A Day on the Locust Fork

Locust Fork below Swann Bridge

Locust Fork below Swann Bridge

By Todd Keith

When the opportunity to tag along with Dr. Jim Lacefield, a geologist and author of Lost Worlds in Alabama Rocks: A Guide; conservation photographer Beth Young and environmentalist James Lowery of UAB, to learn more about the Black Warrior Watershed, I wasn’t going to let it pass by. Specifically, we were headed for Cornelius Beach and Powell Falls on the Locust Fork, not too far downstream from Swann Bridge.

Flowing freely through Etowah, Marshall, and Blount Counties to form the Black Warrior River in northwest Jefferson County, the Locust Fork river is listed in the top 2% of the nation’s rivers with “outstandingly remarkable” values. And given the large number of dams in the state that turn nearly all of our major rivers into impoundments and lakes (generating 7% of Alabama’s energy needs), protecting what remains seems an altogether important task. The Locust Fork is one of Alabama’s few remaining free-flowing rivers and a priceless treasure for the state

Swann Covered Bridge near Oneonta

Swann Covered Bridge near Oneonta

The Black Warrior River and it’s many tributaries, the northern sister system to the treasured Cahaba River, embraces the north portion of Alabama’s largest city, Birmingham, including the Mulberry Fork and magnificent Locust Fork, then stretches north and west to include the Sipsey River and finally flows down past Tuscaloosa and on to Demopolis. The system starts in the Appalachian Mountains and ends in the coastal plain, flowing through a bewilderingly diverse landscape. It stretches 178 miles, but its total drainage area is 6,275 square miles, a hefty portion of north central Alabama. Along with the Cahaba River, the Black Warrior can rightly be called Alabama’s heart river, central to the state both in its geographical course as well as in the number of biological treasured contained within.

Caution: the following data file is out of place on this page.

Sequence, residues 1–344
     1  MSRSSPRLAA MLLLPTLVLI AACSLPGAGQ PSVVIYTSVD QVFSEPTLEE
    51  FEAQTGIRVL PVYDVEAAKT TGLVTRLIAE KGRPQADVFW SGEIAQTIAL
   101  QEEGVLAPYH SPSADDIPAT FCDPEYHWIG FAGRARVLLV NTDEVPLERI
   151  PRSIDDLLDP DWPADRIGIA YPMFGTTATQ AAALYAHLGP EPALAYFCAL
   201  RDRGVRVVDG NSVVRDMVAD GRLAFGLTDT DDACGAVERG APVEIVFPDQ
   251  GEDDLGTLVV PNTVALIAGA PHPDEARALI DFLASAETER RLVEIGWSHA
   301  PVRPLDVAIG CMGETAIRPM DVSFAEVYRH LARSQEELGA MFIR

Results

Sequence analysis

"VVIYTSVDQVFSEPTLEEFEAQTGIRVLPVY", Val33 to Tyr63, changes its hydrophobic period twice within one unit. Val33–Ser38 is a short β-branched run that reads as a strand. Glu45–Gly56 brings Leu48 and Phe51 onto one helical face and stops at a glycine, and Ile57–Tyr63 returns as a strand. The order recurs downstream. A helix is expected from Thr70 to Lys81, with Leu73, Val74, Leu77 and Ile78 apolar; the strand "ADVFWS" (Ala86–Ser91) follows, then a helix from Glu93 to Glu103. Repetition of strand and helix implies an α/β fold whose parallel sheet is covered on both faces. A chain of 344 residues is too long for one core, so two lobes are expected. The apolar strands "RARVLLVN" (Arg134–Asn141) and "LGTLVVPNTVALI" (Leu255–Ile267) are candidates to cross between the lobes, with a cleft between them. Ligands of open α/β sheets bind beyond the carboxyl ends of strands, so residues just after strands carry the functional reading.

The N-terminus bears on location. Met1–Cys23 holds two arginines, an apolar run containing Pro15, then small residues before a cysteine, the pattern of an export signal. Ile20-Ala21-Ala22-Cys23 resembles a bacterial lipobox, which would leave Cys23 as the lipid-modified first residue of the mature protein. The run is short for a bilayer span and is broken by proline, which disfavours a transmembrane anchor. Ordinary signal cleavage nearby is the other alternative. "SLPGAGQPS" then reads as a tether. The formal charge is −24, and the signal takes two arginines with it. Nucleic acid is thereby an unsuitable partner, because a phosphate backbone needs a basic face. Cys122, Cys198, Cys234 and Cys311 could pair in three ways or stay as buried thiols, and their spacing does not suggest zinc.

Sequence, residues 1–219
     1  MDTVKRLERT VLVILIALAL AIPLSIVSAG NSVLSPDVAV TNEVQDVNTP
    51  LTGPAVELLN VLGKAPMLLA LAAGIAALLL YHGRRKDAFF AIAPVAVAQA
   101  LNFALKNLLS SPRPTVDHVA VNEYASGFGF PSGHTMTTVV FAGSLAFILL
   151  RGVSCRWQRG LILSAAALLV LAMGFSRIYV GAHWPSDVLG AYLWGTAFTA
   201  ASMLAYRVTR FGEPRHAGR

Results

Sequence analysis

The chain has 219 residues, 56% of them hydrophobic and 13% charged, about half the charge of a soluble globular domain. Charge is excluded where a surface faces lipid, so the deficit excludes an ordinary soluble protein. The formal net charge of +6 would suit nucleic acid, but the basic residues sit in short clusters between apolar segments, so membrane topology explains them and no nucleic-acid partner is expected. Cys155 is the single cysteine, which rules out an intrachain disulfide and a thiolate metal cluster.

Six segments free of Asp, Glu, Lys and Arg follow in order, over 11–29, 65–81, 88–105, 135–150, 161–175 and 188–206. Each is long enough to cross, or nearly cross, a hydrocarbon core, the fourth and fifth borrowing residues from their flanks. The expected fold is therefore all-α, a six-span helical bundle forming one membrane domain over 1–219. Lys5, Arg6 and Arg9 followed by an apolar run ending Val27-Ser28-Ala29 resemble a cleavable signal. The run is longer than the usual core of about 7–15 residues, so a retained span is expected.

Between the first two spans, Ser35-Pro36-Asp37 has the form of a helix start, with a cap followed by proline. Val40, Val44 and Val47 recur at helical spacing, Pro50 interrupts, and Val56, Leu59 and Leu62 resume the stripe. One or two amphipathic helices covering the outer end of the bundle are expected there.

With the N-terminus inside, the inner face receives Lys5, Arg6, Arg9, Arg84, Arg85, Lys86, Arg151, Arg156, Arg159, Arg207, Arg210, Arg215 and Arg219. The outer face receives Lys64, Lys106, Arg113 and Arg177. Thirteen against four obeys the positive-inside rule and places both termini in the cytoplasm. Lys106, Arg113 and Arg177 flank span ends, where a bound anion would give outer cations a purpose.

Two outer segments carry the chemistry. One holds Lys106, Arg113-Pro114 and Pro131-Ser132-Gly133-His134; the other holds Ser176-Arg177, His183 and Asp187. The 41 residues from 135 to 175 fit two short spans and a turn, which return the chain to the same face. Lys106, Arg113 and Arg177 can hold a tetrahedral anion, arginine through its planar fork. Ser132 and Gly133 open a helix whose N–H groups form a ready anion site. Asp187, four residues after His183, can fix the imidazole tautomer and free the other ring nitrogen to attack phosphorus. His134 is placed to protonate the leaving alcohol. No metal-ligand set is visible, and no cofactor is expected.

Curiously, the Locust Fork is older than the mountains it flows through, actually cutting across and through at least 13 ridges in its course. These “water gaps” as they are called show that there was a river here when the Appalachian Mountains were being lifted—probably not the actual Locust Fork itself, but another older river course that the present day Locust Fork follows, explains Dr. Jim Lacefield. “No one has even named the old coal age river, call it the “Ancestral Locust Fork,” Lacefield says. “This was a big river, about the size of the Mississippi River up near Cairo, Illinois. The evidence is how much sand was moved downriver in that time. The real secrets are in the rock.”

Powell Falls on the Locust Fork of the Black Warrior River

Powell Falls on the Locust Fork of the Black Warrior River